By Maureen Carroll
PhD Dissertation, Australian Catholic University, 2004
Abstract: This thesis argues for the power of story and, in particular, the story of The Hobbit by J.R.R. Tolkien to help build optimism and hope. The Hobbit is under-used in primary schools and this thesis demonstrates that it is eminently suitable for children. Without imagination children are vulnerable to sadness and despair. The positive development of imagination through heroic tales is likely to benefit children emotionally and psychologically. The story of The Hobbit can be utilised to develop the concept of the Hero’s Journey, a persistent trope in oral and recorded literature and an archetype for virtually all human experience. In addition, the thesis shows that critical thinking skills and multiple intelligences can be developed through the use of The Hobbit. Depression in young people is now recognised as a serious public health problem in Australia. Research supports the view that children need optimism.
This thesis discusses statistics regarding the increased prevalence of childhood depression and aggression as well as alarming youth suicide reports. The inquiry by the Victorian Parliament into the effects of television violence on children is examined and the scholarly works of Neil Postman, inter alia, are discussed to establish the overall pattern of positive association between television violence and aggression in children. Furthermore, the contention that many contemporary realistic texts do little to promote hopefulness in the young is supported with the opinions of scholars who are respected in the field of children’s literature.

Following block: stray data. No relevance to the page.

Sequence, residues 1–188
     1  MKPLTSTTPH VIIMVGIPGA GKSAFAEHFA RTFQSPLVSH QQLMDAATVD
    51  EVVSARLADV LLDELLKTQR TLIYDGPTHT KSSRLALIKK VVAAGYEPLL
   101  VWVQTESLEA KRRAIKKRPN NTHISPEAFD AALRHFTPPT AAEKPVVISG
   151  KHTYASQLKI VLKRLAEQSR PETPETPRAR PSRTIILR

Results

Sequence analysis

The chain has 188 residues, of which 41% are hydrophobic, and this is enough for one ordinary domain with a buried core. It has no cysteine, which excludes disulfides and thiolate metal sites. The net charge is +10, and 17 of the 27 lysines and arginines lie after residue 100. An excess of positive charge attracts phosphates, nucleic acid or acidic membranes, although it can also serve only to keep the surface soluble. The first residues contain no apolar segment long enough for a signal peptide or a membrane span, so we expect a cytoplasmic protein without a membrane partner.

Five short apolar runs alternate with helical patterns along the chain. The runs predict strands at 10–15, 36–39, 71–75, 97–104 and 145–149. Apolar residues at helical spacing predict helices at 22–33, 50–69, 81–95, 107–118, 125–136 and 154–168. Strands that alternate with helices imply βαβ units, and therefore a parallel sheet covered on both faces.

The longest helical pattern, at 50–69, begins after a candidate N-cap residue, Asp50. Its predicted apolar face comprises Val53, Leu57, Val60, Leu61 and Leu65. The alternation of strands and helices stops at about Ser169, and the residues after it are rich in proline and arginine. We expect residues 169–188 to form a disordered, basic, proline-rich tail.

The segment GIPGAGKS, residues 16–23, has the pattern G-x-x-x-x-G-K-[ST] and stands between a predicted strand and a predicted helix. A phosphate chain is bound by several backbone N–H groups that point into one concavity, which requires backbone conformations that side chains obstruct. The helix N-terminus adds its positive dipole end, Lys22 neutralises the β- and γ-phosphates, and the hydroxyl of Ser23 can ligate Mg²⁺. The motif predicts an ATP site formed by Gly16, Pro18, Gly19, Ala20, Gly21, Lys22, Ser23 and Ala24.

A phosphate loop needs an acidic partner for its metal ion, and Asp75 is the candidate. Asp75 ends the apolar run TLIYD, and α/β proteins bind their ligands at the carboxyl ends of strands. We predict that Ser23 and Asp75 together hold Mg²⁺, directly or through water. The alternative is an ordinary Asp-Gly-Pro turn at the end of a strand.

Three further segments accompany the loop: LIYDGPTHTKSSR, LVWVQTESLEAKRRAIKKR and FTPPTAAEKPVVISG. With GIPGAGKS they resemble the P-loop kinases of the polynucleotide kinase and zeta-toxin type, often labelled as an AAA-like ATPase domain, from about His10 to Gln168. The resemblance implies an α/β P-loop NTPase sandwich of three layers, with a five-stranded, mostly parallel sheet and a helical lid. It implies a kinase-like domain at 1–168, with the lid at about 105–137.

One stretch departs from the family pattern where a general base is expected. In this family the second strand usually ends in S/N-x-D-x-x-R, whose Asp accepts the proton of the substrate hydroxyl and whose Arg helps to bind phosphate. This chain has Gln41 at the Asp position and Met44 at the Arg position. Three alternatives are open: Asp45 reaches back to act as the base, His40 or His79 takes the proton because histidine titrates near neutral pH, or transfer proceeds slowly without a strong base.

Tolkien was a devout Catholic but, even more importantly, he was able to restate traditional values through his imaginative works of The Hobbit and The Lord of the Rings. This has relevance for Catholic educators who strive to relate Gospel values to popular culture. Christian education must extend imagination beyond morality to help young people to find meaning and purpose in their lives. Through the use of The Hobbit and other books of this kind, children can begin to learn not to fear change, failure or setbacks but to see them as important challenges and opportunities for personal growth. This thesis argues for the likely value of a continuum of this type of learning that begins in early childhood, in order to provide a “buffer” for adolescence, particularly for those children who do not recover easily from setbacks. The story of The Hobbit is a powerful tool for primary education.